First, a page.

The usual answer I am seeing is either that Trump was an uniquely inspiring candidate, or that Hillary was a uniquely uninspiring one.  The e-mails come in too, of course.  But I am inclined to think that the answer may lie, not with Trump or Clinton or Obama, but with Mitt Romney.  If the Republicans were trying to come up with the worst possible candidate for appealing to the working class, Mitt Romney would be a pretty good choice, although Eric Cantor might give him a good run for his money.  The problem was not that Romney was a plutocrat; Trump is that as well.  It was not that Romney made his fortune in finance, a strongly unpopular industry at the time.  It was not even that he lacked the common touch, which Trump manifestly has.  His problem was that he shared the Democrats' basic weakness with the working class.

The big reason I keep hearing why the white working class hates Democrats is that they are a liberal elite that holds the white working class in contempt.  Trump's appeal is that he perfectly returns that contempt and what the white working class feels about it. Well, about the time of the 2012 election, a whole coterie of Rand-ite Republicans in general and Romney in particular were also expressing contempt for the working class.  The difference was that Democrats expressed a cultural contempt for the working class, while Republicans expressed an economic contempt.  It wasn't just Romney's 47% comments.  Republicans everywhere were speaking of businessmen and entrepreneurs as the only productive members of society who actually contributed anything, and people who were content to let someone else sign their paycheck as a bunch of losers who never worked a day in their lives and never contributed anything to society.  They were speaking of working an 18 hour day as a sign of virtue and the desire for any leisure as mere laziness.  That is not the way to appeal to the working class!  The bartender who filmed the 47% speech was apparently outraged, less by the speech, than with Romney's general approval of the low wages, long hours and poor working conditions in China. Again, a very poor pitch to the working class!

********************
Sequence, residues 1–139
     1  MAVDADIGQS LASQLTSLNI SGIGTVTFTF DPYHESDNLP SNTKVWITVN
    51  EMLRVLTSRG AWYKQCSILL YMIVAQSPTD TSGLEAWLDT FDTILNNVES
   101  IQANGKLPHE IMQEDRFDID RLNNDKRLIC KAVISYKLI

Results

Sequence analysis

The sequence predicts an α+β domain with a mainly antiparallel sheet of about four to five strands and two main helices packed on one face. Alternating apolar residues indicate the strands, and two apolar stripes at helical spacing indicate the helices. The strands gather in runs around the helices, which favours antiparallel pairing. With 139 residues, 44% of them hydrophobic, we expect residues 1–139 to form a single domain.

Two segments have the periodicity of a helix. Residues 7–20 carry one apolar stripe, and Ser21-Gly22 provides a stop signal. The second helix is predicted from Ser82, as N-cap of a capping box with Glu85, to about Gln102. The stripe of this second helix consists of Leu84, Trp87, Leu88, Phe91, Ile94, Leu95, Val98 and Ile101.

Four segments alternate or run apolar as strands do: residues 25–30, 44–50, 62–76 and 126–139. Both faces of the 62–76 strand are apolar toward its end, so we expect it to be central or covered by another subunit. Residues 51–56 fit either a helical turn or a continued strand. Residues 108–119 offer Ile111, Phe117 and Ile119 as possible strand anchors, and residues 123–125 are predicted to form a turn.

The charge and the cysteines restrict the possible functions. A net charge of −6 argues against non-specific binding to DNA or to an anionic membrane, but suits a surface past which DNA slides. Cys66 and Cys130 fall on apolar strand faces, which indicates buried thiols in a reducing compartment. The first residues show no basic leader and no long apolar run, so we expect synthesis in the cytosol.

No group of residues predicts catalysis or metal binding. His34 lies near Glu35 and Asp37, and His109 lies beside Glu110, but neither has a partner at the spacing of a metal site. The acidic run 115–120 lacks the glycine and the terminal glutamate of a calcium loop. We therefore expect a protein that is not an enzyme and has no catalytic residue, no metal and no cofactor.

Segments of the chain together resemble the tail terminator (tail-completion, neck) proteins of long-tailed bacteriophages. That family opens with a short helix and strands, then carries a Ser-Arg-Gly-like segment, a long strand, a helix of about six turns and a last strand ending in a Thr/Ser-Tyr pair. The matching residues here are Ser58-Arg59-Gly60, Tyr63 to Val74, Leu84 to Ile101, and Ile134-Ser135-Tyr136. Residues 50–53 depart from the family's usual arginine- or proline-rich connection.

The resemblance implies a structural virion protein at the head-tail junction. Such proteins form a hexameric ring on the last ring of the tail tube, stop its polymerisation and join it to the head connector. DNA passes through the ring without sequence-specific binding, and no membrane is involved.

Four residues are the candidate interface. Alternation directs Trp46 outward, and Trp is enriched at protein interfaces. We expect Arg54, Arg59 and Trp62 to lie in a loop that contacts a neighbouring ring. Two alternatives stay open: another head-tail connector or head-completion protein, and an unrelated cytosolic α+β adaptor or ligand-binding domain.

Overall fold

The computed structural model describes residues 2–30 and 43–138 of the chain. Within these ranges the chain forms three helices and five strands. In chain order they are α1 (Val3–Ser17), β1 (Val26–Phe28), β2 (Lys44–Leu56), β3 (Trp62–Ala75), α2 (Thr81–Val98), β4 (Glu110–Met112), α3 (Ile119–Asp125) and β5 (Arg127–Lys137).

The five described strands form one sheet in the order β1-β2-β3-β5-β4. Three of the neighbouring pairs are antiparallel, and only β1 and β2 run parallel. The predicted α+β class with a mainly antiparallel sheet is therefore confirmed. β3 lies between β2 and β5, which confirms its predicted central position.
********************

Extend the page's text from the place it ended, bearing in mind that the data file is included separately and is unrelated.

In short, Romney was very much the candidate of the Republican donor class.  And the agenda of the Republican donor class is very much at odds with the agenda of its voting base.  I intend to address that more in my upcoming posts.

The Honeymoon

It's amazing.  As long as I have been aware of Donald Trump, he has been a punchline, a joke.  In bad taste, certainly, but a joke nonetheless.  And now in just over two months he will be our President.

It has been commented that no leader ever turns out to be as good as his supporters hoped or as bad as his opponents feared.  Given that both of those were taken to extremes under Trump, it seems likely to be true.  I myself must reevaluate how much of what I said about him was unduly alarmist.  Much of it does, indeed, seem unduly alarmist -- for now.  The future remains to be seen.

So say this in his favor.  He began with a gracious acceptance speech, promising to set aside divisions and be President for all Americans.  He has lost all interest in prosecuting Hillary Clinton or (presumably) suing women who say he groped them, now that they no longer stand in the way of his power.  He has reassured South Korea that we intend to stick by our treaty obligations.  Republicans who swore they would never support Trump are coming into the fold and seeking places as his advisers.  Even opponents are encouraging them to do so.

Conventional wisdom is now that the Trump of the campaign trail is a thing of the past.  He will now become a generic Republican President.  He will boost the economy by cutting taxes and reducing regulation, reassure our nervous allies, reconcile with Russia, and all will be well.  Struck by the awesome responsibility of power, he will abandon his past reckless and crooked behavior and become a true statesman.*  As for reverting to form with his tweet just two days later condemning protests against him?  Just a speed bump along the way of his transformation into true statesman.